By Gyan Pathak
Deshbhaktas’ beating their drum of ‘nationalism’ reached such a high decibel that has become deafening. India’s leadership, in the name of nationalism, reached even such a point when it decided to abstain from the voting in the United Nations which passed the resolution that recognized access to clean environment a human right. In this case the Deshbhaktas’ nationalism clearly goes against humanity, since 24 per cent of all global deaths, roughly 13.7 million a year, occur because they are exposed to human greed that has polluted air, water, and land, and are even subjected to chemical exposure.
India is among the four countries who had abstained from voting on such an important issue, on October 8, 2021. The other three countries are Russia, Japan, and China. The text of the resolution was proposed by small nations – Costa Rica, the Maldives, Morocco, Slovenia, and Switzerland, who thought it necessary to protect the earth and the human beings when the United Nations has already red flagged the environment and ecological degradation and pushing for action to prevent disastrous climate change in near future.
Having the resolution got passed, the Human Rights Council of the United Nations has now recognised for the first time, that having a clean, healthy, and sustainable environment is a human right. The text proposed was passed with 43 votes in favour, and only four abstentions from Russia, India, China, and Japan who are hoping to gain for their countries in their action. May be, some of the people in these four countries might derive benefit, but it would not be without death of common people on account of environmental and ecological risks as they have been dying for years. Their abstention is clearly faulty, narrow, and injurious to even the larger interest of the people and all forms of life on earth.
Nationalism has become beneficial for some and injurious for many in this particular case, and India should have been adopted a broader concept of nationalism in place of its narrow concept adopted by our Deshbhaktas. In Hinduism – since all the existence is manifestation of the God, we should not act for destruction of any living being. Moreover, everything that we have belongs to the God (Sabai Dhan Gopal Ki), the properties are in reality not ours, and therefore, for properties’ sake we must not destroy the environment and ecology, and we must leave them unpolluted for others’ use. We must not pollute these, since these are not our properties, and every life form has a right to these for their survival. Nationalism should therefore mean protecting the common property and life, it must not mean protecting only business and industries at the cost of the life and property of the common, as the Deshbhakta government of India has been doing. Deshbhaktas must abstain from looting and polluting the common properties in the name of nationalism, and adopt true nationalism that Hinduism teaches.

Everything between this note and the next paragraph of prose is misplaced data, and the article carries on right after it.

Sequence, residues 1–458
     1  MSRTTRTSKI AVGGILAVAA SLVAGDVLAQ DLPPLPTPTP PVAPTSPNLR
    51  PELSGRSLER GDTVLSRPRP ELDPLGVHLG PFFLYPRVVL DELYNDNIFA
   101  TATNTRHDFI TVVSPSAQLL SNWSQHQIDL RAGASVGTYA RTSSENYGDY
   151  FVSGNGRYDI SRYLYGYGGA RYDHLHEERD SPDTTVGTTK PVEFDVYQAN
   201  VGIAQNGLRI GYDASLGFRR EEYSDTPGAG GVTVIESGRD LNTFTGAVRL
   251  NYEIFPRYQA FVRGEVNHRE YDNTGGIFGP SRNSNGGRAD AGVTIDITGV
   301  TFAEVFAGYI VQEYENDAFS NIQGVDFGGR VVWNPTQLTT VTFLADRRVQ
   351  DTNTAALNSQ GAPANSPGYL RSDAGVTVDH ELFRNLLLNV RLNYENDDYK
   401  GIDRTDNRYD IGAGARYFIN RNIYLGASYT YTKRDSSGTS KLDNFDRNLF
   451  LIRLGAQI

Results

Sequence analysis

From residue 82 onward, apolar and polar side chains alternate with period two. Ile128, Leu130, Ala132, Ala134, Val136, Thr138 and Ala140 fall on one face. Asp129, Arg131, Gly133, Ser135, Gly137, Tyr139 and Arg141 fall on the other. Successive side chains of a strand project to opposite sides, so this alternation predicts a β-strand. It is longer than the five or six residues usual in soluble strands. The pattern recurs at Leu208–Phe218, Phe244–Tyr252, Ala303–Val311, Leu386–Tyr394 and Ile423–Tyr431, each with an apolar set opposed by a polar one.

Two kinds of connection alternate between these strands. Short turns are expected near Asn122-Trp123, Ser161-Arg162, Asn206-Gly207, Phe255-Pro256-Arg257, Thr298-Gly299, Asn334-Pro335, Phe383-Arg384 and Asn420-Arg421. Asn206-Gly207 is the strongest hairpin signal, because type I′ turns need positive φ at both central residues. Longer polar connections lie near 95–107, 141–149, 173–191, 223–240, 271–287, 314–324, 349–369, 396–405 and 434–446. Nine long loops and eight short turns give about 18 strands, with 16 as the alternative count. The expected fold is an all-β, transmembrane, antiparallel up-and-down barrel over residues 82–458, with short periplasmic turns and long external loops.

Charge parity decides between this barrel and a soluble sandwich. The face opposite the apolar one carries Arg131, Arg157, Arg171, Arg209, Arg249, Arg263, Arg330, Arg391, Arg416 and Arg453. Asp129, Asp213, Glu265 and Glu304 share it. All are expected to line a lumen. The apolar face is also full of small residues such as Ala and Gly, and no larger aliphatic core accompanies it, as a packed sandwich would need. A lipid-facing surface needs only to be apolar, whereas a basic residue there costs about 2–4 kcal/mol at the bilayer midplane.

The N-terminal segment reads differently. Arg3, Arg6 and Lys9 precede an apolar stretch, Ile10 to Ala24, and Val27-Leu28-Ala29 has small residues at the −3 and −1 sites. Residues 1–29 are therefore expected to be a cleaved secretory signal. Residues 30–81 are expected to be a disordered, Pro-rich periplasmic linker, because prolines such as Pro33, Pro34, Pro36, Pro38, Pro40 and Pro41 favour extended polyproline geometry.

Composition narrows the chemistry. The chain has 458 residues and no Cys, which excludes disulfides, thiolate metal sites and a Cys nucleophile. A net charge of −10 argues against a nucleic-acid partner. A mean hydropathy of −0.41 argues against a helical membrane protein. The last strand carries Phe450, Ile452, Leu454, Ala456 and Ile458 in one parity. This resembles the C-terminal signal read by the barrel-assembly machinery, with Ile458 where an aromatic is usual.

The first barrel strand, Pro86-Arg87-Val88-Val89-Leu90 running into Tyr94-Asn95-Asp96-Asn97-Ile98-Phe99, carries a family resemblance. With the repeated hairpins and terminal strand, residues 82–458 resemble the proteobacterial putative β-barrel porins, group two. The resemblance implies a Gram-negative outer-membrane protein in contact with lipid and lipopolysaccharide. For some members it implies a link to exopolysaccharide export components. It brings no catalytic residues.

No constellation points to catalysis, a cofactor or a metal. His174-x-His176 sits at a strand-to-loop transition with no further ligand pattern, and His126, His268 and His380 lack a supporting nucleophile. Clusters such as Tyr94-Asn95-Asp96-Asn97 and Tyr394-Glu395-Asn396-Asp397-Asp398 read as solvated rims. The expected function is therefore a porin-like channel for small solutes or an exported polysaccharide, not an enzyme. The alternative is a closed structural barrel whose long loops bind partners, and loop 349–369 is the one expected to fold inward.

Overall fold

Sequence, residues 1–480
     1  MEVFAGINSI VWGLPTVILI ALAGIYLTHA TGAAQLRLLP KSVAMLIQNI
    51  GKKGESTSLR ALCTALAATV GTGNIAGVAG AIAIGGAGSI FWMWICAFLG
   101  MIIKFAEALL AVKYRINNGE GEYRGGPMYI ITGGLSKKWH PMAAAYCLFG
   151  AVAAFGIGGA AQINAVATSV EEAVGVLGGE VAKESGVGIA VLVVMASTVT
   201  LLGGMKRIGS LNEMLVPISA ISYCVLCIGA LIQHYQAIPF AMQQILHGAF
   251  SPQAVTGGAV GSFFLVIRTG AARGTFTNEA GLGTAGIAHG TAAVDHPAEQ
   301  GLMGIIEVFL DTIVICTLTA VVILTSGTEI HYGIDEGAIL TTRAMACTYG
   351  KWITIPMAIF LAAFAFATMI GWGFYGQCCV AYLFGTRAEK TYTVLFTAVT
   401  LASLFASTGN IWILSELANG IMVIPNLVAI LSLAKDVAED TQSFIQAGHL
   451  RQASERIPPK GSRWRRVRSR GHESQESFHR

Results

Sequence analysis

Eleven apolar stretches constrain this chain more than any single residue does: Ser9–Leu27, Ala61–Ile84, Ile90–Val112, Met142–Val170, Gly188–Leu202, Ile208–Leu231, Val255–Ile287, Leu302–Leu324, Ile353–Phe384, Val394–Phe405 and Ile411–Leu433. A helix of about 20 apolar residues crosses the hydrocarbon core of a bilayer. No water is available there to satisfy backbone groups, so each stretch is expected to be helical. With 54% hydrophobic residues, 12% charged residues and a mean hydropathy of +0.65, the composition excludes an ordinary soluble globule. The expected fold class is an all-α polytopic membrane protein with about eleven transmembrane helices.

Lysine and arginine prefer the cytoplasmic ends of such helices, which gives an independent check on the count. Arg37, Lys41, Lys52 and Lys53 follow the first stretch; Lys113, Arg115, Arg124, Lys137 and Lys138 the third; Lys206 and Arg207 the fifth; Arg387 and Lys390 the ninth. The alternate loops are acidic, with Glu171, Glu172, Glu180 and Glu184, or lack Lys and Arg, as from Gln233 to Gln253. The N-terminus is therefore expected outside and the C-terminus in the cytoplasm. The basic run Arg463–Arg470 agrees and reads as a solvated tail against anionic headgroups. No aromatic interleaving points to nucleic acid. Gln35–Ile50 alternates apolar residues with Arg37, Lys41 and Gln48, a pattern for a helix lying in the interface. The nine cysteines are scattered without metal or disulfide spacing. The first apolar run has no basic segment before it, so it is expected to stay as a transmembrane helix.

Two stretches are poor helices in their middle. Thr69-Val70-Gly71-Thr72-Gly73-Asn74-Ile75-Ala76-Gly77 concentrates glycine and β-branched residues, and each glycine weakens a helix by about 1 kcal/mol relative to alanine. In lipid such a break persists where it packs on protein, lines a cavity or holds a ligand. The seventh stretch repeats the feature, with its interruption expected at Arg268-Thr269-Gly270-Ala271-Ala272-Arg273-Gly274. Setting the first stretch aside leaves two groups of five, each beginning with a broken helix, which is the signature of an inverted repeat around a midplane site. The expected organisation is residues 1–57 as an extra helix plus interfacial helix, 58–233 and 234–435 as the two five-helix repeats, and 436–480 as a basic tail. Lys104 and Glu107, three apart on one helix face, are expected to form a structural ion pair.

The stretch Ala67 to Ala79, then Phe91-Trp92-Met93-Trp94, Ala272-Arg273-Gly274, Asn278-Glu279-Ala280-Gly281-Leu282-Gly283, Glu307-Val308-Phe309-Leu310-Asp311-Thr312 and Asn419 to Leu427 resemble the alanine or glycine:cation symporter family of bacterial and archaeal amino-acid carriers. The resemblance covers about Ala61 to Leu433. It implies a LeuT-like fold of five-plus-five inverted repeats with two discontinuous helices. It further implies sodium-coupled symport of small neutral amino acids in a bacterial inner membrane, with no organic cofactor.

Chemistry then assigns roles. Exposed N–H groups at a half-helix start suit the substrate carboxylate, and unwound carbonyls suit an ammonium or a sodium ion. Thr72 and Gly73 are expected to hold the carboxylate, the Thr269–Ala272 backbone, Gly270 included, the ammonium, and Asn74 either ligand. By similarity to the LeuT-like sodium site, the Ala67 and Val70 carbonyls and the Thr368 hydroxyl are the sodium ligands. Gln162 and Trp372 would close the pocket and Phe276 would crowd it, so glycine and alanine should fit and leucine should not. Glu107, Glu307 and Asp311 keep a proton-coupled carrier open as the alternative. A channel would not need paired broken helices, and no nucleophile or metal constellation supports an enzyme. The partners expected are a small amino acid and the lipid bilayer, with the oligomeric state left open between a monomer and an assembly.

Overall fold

This is right brand of nationalism. However, there is also a left brand of nationalism, that preaches ‘properties are of state’ in place of ‘properties are of God’. There is not much difference in these two in the sense that properties do not belong to individuals. Therefore, exploitation of the environment and ecology at the cost of all other forms of life cannot be an unbiased form of nationalism. In view of this all the four countries – Russia, India, China, and Japan are wrong in opposing access to clean environment as human right, and subsequently abstaining from voting.
Let it be so. Having got the resolution passed, Human Rights Council in a separate resolution has called on States around the world to work together, and with other partners, to implement this newly recognised right. At the same time, through another resolution, the Council has also increased its focus on the human rights impacts of climate change by establishing a Special Rapporteur dedicated specifically to that issue.
In this backdrop, India and all the four abstaining countries, must protect the human rights of the people to ‘access clean environment’. UN High Commissioner for Human Rights, Michelle Bachelet has rightly called on member states to take bold actions to give prompt and real effect to the right to a healthy environment. The UN resolution “clearly recognizes environment degradation and climate change as interconnected human rights crises,” she has emphasized. “Bold action is now required to ensure this resolution on the right to a healthy environment server as a springboard to push for transformative economic, social, and environmental policies that will protect people and nature.”
It is also worth noting that was also highlighted by the High Commissioner that the triple planetary threats of climate change, pollution and nature loss, is the single greatest human rights challenge of our era, and the most vulnerable segments of the population are more acutely impacted.
The issue will now go to the UN General Assembly in New York, for further consideration, where India and all the three countries must come in support of “access to clean environment as human right” that was passed in the Human Rights Council just weeks before the crucial UN climate change summit, COP26, scheduled to be held in early November in Glasgow. One must not go for short term gain for few at the cost of the humanity. (IPA Service)